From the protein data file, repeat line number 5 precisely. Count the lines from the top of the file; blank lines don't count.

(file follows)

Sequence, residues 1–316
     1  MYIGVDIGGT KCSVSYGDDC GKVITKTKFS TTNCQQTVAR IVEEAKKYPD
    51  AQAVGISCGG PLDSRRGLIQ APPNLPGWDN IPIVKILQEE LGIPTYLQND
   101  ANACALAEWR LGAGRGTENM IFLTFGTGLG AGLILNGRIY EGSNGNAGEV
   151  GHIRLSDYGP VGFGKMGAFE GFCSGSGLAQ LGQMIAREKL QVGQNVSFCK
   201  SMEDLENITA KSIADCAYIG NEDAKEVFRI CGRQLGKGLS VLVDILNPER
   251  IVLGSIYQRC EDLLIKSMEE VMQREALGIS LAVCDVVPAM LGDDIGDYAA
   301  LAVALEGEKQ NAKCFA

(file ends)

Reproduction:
   151  GHIRLSDYGP VGFGKMGAFE GFCSGSGLAQ LGQMIAREKL QVGQNVSFCK